Last week, the House of Representatives passed a budget resolution on a largely partisan vote. Many people are asking what the impact of this “Ryan budget” (named after Rep. Paul Ryan (R-WI), the author) will be and what it means, so I’ll supply a brief explanation here. As Amanda blogged about on March 22, a budget resolution sets the general outlines for Congress’s work on the budget for the year.
The House’s budget resolution, H.Con.Res. 112, would cut federal spending by about $5 trillion total over the next ten years, compared to the already-low spending levels in last year’s big debt deal – the Budget Control Act of 2011. (To put this in context, federal spending totaled just under $3.6 trillion in 2011.) Where would it get those savings?
For the 2013 fiscal year, discretionary spending – which is all of the spending decided annually by the Appropriations Committees – would be reduced even further than in the first round of cuts under the Budget Control Act, by about 2 additional percent to $1.028 trillion – and that entire additional cut could come from domestic programs, with no further cuts to military spending. If enacted, this would put further downward pressure on funding for discretionary spending programs, including all targeted homelessness programs and virtually all HUD programs.
Entitlement programs like Medicaid are not considered discretionary spending (it’s referred to as “mandatory” spending); they, however, would also be reduced under the House budget resolution through a separate process. In the longer run, spending reductions would be even more extreme. These cuts in lifeline programs are coupled with large reductions in taxes for the wealthiest Americans.
So, that’s what the Ryan budget includes – but what will the impact be?
The first important thing to know about the House budget resolution is that, as a comprehensive plan for federal revenue and spending, it is going nowhere. At least, not this year. The Senate leadership and the President have repeatedly said that they will agree to budget changes to address long-term federal deficits in a manner that is “balanced” between revenue increases and spending cuts from both domestic programs and the military. Although the budget resolution itself does not require the President’s signature, the changes it proposes would all require separate legislation to actually go into effect: appropriations bills, changes in the tax code, and overhauls of entitlement programs – none of which the Senate or President will agree to at this point.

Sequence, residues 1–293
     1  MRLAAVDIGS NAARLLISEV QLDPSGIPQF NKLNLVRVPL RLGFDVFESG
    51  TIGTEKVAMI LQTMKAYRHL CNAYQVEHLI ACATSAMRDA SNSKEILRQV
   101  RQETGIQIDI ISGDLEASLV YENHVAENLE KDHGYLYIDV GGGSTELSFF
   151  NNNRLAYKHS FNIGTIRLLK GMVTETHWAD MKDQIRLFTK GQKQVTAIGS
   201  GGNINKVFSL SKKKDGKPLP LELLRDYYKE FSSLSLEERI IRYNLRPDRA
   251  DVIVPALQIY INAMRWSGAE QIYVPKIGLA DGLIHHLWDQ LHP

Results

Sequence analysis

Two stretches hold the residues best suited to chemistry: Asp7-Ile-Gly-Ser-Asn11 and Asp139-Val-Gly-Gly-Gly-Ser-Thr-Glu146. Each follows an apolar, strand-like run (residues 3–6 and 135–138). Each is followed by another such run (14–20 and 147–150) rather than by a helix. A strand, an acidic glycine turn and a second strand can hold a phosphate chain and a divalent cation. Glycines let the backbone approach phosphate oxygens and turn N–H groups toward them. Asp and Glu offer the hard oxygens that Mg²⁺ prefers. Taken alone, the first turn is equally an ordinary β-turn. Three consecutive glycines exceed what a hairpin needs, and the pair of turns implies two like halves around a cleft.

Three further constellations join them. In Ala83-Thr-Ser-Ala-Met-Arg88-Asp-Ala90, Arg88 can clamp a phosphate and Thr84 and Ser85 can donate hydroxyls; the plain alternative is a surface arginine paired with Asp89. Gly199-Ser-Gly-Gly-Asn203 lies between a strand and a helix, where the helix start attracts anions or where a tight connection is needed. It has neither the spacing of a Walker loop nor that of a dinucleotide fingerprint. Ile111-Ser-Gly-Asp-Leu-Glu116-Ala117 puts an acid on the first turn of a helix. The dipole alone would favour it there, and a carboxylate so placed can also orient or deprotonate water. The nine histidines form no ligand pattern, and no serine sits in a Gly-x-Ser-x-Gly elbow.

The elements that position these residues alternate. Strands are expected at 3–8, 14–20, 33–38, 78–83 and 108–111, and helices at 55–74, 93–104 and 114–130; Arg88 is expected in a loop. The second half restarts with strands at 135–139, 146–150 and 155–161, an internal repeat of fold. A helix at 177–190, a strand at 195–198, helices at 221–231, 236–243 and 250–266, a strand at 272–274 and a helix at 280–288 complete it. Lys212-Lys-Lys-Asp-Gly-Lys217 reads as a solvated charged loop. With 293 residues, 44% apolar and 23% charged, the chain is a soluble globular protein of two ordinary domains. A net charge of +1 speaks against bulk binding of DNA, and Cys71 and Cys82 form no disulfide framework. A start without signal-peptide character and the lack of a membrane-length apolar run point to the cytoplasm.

The second important thing about the House budget resolution, however, is that one provision could have a real impact right away: its overall limit on discretionary spending will apparently be used by the House Appropriations Committee as it produces the House version of FY 2013 spending bills this spring. The Senate, on the other hand, will produce bills based on the higher limit agreed to in the Budget Control Act, setting up a conflict between the two chambers. Conventional wisdom says that when the two chambers meet to work out final agreements, the totals will come out to the higher levels used by the Senate. This, however, remains to be seen – the House could insist on the lower levels, bringing either additional cuts or a government shutdown when the fiscal year starts on October 1.
The third important thing to know is that the House budget resolution represents a school of thought calling for immense change in the role of the federal government. Its long-term vision is of a federal government that does little other than run retirement and healthcare programs and the military. In the long run, there is no room in this budget for HUD, or for any federal response to homelessness, inadequate housing, or poverty. That a majority of the House of Representatives is willing to endorse such a vision is a new phenomenon in our lifetime. It ignores, among other things, the effective, important work that is being done on homelessness by using federal funds to get excellent results for the most impoverished people in our country.
Image courtesy of 401K.